In an earlier blog post, I wrote briefly about Nick Saban motivation and trusting the process. Channeling my inner football player, I’ve kept my head in my work and produced a thesis. (But is it defensible? We’ll find out Monday.) Here at Alabama, trusting the process means something specific: Continue reading
I failed to get ahead and write a post for today when I had the time. That’s okay. Sometimes the less important things (like writing a blog only my parents read regularly — Hi Mom and Dad!) have to fall by the wayside temporarily while the important things take precedence. Priorities and such. Continue reading
I wrote a book review! And no, it’s not like the informal ones I did during #bloglikecrazy. This book review was published at Reading Religion, the online book review arm of the American Academy of Religion. Reviewers at this site range from graduate students on up to tenured faculty. My experience publishing a review with them was a first for me in a couple of ways. Continue reading
After a two month hiatus, I’m back! I didn’t die. I didn’t go anywhere. (Okay, I did for Christmas to see family. But that’s not the point here.) I’ve been here. All along trying to figure out what to do now that my month of blogging is over and there’s little motivation to keep it up. Continue reading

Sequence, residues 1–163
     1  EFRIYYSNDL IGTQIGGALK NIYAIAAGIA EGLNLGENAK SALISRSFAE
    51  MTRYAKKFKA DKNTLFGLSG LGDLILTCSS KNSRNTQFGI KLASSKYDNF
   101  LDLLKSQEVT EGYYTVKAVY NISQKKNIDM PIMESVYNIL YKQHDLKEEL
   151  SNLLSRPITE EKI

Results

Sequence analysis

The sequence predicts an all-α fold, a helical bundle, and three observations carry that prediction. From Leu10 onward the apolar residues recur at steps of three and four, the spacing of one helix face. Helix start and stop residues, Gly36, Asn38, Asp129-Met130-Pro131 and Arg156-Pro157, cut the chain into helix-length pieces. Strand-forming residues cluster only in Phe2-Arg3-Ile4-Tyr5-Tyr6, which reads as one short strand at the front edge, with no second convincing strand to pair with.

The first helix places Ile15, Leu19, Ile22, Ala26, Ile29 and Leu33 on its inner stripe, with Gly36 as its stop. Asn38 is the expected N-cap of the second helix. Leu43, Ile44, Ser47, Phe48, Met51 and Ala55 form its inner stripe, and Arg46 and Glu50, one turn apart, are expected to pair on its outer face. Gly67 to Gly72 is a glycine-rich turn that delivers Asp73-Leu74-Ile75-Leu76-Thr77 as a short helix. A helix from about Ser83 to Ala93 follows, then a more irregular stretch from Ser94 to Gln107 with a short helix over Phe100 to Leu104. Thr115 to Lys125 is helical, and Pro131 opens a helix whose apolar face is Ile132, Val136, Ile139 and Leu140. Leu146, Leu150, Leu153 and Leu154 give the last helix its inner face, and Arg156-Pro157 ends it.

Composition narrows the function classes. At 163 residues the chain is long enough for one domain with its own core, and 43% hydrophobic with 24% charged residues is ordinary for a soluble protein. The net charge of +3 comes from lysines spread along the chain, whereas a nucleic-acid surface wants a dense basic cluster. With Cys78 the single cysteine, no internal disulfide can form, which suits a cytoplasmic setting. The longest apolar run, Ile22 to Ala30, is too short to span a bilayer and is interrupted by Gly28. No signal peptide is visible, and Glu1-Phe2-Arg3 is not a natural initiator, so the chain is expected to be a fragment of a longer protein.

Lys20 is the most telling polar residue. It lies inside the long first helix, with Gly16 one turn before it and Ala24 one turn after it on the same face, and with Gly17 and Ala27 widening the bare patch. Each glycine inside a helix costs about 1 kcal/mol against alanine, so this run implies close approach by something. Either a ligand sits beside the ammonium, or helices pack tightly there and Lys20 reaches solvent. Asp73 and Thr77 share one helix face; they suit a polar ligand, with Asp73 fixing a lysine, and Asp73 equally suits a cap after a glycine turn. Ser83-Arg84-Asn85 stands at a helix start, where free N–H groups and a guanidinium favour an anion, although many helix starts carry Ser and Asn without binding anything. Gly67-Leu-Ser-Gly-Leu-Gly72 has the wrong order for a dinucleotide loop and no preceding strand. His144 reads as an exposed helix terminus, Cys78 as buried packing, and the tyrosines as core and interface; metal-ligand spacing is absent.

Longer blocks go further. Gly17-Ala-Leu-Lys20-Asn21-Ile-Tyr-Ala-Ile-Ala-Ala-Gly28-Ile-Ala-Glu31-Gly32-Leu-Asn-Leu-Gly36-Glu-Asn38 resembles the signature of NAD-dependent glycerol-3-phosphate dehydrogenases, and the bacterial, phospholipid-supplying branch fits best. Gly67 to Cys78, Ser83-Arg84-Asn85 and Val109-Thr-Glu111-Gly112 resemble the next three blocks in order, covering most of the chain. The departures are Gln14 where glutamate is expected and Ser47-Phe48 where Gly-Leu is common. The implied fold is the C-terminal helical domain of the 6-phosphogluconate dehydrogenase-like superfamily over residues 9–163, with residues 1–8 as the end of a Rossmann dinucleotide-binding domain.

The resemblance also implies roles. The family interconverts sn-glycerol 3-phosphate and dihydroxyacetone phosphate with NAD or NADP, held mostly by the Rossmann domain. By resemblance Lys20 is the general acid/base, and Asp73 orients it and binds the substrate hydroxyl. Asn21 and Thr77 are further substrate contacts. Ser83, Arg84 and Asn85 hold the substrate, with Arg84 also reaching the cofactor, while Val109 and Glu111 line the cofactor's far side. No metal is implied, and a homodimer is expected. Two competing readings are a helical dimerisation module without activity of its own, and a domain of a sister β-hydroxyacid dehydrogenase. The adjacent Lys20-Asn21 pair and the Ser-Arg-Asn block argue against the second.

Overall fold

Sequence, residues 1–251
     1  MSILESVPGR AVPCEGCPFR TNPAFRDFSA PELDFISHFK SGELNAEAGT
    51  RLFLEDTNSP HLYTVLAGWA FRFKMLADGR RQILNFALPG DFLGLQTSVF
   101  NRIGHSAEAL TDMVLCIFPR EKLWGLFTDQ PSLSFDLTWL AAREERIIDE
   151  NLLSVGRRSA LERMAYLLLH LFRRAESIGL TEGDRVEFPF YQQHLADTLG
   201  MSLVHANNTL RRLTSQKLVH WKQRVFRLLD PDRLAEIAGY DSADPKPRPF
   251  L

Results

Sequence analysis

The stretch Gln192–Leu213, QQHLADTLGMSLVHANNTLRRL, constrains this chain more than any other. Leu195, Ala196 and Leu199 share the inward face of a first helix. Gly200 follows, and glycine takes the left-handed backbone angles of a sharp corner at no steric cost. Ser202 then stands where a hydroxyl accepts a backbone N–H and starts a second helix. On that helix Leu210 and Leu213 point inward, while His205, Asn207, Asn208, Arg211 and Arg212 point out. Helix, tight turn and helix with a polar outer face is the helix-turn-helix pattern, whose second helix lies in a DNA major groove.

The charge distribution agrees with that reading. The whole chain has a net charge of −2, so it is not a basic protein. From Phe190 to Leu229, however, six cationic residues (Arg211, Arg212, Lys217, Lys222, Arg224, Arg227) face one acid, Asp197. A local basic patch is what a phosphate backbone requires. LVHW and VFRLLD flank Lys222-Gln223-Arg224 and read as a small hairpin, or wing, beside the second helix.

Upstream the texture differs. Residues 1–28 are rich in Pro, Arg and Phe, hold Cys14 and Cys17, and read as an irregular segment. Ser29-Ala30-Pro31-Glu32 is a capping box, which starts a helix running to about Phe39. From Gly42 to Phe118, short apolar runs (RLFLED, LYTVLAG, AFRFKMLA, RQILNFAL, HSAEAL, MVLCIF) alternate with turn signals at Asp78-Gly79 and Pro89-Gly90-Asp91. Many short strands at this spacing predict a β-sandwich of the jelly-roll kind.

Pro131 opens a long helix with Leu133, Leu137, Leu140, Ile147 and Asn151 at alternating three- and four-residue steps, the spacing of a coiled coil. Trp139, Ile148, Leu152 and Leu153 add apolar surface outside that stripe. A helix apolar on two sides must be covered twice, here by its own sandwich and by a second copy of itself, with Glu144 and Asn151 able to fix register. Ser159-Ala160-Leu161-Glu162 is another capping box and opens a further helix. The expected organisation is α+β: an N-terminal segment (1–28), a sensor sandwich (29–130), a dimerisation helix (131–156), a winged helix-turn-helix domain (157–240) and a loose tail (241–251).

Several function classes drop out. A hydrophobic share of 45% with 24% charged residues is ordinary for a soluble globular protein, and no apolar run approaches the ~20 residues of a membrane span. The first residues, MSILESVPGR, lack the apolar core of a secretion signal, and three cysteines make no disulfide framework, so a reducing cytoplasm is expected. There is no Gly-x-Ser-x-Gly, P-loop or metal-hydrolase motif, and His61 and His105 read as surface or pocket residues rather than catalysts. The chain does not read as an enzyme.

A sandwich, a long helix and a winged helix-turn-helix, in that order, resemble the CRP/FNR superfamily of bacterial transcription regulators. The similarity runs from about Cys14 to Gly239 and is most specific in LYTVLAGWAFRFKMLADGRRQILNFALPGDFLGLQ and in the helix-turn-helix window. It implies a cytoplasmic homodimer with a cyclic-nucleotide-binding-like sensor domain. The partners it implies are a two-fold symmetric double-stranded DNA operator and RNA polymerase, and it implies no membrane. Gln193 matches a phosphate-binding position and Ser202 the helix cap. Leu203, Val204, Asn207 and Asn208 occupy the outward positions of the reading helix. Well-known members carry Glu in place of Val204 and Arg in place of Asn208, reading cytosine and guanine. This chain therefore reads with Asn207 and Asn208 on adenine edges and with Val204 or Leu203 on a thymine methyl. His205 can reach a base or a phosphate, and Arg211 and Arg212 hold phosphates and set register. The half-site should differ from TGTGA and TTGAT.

Hayden White’s Tropics of Discourse: Essays in Cultural Criticism is a collection of 12 essays dealing primarily with narrative history, originally published in 1978. White predominantly approaches history from a perspective of literary criticism, but also grapples with the idea of history as science. Continue reading
Thesis updates on Fridays. This Friday, I don’t have so much of an update as more of a musing on efficient work. Because of work that needs my more urgent attention to finish out the semester, I won’t properly begin writing my thesis until winter break. But when it comes time to sit down and actually shovel that pile of dirt, I won’t be starting from scratch. Continue reading
For the second mini book review, here are my thoughts on Christopher G. Flood’s Political Myth, published in 1996.
Political Myth explores and combines theories of myth and ideology to propose a theoretical framework for exploring political myth. In Christopher Flood’s view, political myth exists where political ideology meets myth. Continue reading
As a student at the University of Alabama, it feels almost required to take on a Nick Saban mindset to finish my thesis. Saban has all sorts of phrases and motivational slogans. A few personal favorites include: “If it means something to you, you can’t stand still,” “make his ass quit,” and a quote Saban himself borrowed from Martin Luther King, Continue reading
For the first of my mini book reviews, here are my thoughts on R. G. Collingwood’s The Idea of History, originally published in 1946.
In The Idea of History, which was published posthumously, Collingwood deals with a philosophy of history. The book is divided into an introduction followed by five parts, each part dealing with a different issue in this philosophy. Continue reading